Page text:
they are not comprehensive nor are they the most current set.
We encourage you to perform a real-time search of NLEBeta
to obtain the most current and comprehensive results.


401

Welcome to the Efficient Windows Collaborative  

NLE Websites -- All DOE Office Websites (Extended Search)

Fact Sheets & Publications Fact Sheets & Publications Residential Windows: A Guide to New Technology and Energy Performance Available from Norton Professional Books. exit disclaimer Single copy price: $35.00 USA; volume discounts available from publisher. Available from Amazon. exit disclaimer Window Systems for High-performance Buildings Available from Norton Professional Books. exit disclaimer Single copy price: $50.00 USA; volume discounts available from publisher. Available from Amazon. exit disclaimer State Fact Sheets for New and Existing Construction The EWC State Fact Sheets provide a simple, portable step-by-step guide to selecting energy efficient windows considering the conditions in that state. Each one summarizes the key considerations found elsewhere on this site, and provides a summary of results from the Window Selection Tool for key cities in that state.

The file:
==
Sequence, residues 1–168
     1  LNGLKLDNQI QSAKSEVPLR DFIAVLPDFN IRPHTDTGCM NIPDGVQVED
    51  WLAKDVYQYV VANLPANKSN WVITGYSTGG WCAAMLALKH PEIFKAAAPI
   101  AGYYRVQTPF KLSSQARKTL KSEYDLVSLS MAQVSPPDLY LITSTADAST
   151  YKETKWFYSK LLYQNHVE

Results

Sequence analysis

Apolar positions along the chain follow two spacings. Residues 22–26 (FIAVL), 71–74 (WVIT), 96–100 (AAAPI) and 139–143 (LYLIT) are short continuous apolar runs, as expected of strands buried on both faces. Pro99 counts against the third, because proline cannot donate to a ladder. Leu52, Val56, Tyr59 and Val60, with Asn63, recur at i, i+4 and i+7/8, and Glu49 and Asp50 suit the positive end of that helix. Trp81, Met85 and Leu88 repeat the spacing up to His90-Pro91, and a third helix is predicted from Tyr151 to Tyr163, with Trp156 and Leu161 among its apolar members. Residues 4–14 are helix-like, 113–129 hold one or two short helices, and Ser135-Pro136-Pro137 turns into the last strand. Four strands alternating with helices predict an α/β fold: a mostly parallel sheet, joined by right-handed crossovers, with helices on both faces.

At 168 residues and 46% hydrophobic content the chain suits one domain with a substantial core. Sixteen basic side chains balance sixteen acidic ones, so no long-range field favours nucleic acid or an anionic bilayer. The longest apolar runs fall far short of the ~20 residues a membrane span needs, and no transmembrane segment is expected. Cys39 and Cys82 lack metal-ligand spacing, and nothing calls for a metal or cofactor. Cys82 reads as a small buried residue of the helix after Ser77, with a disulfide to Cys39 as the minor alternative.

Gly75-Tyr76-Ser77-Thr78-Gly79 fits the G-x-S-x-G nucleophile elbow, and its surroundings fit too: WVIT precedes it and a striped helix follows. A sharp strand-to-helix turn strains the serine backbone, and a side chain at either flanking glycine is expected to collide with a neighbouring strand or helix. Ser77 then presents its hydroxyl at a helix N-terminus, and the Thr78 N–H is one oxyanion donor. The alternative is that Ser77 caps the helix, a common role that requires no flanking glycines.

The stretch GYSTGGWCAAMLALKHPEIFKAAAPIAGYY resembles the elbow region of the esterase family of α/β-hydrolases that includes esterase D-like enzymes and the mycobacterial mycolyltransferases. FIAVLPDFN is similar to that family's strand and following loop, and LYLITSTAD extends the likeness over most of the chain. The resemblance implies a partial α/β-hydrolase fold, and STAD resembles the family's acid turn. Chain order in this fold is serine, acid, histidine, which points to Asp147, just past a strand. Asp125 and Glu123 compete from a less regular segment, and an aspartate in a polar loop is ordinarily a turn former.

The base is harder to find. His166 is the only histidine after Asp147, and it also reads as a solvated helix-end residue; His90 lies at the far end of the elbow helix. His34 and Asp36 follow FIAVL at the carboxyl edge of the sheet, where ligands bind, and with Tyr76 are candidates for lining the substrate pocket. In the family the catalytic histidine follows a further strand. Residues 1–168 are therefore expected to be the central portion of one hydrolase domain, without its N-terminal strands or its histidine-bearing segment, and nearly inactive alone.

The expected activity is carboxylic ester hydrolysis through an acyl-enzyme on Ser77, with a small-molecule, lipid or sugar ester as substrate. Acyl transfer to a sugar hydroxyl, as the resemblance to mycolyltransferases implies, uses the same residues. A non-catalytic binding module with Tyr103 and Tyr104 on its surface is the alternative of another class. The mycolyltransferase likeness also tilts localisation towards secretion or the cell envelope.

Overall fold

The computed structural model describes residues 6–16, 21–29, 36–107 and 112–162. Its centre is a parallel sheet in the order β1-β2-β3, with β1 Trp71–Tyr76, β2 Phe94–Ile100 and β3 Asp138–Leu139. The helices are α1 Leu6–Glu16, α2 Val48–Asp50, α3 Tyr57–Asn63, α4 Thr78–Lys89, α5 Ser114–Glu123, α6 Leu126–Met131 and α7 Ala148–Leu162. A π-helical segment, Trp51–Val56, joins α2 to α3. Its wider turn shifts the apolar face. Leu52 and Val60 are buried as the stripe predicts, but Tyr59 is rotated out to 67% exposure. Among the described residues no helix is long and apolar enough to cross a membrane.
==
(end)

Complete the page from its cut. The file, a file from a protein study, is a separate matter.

402

Welcome to the Efficient Windows Collaborative  

NLE Websites -- All DOE Office Websites (Extended Search)

Measuring Performance: ENERGY STAR® Most Efficient Program 2013 Measuring Performance: ENERGY STAR® Most Efficient Program 2013 Windows for residential buildings are eligible for ENERGY STAR Most Efficient recognition in 2013. The U.S. EPA will add qualifying models to the ENERGY STAR Most Efficient 2013 product list for windows from January 1, 2013 through December 31, 2013. The following products are not eligible for Most Efficient recognition in 2013: Windows for commercial buildings Doors Skylights Tubular Daylighting Devices Energy Star Most Efficient Program Energy Star Zones The ENERGY STAR Most Efficient designation recognizes the most efficient products among those that qualify for the ENERGY STAR. These exceptional products represent the leading edge in energy efficient products for a given year. Criteria Windows must be ENERGY STAR qualified consistent with applicable ENERGY

403

Thermal performance of clean horizontal radiant barriers under winter conditions: Laboratory measurements and mathematical modeling  

Science Conference Proceedings (OSTI)